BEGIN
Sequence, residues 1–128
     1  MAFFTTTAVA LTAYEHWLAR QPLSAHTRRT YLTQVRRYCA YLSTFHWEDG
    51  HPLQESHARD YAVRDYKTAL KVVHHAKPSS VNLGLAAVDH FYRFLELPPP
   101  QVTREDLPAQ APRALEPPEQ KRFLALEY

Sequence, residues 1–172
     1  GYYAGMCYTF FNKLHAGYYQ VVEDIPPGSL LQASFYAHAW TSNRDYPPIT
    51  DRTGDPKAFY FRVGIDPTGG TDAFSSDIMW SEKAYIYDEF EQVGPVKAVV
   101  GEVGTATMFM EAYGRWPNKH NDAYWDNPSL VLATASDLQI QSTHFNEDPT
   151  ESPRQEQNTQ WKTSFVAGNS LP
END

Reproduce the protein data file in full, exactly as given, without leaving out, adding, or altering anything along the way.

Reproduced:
Sequence, residues 1–128
     1  MAFFTTTAVA LTAYEHWLAR QPLSAHTRRT YLTQVRRYCA YLSTFHWEDG
    51  HPLQESHARD YAVRDYKTAL KVVHHAKPSS VNLGLAAVDH FYRFLELPPP
   101  QVTREDLPAQ APRALEPPEQ KRFLALEY

Sequence, residues 1–172
     1  GYYAGMCYTF FNKLHAGYYQ VVEDIPPGSL LQASFYAHAW TSNRDYPPIT
    51  DRTGDPKAFY FRVGIDPTGG TDAFSSDIMW SEKAYIYDEF EQVGPVKAVV
   101  GEVGTATMFM EAYGRWPNKH NDAYWDNPSL VLATASDLQI QSTHFNEDPT
   151  ESPRQEQNTQ WKTSFVAGNS LP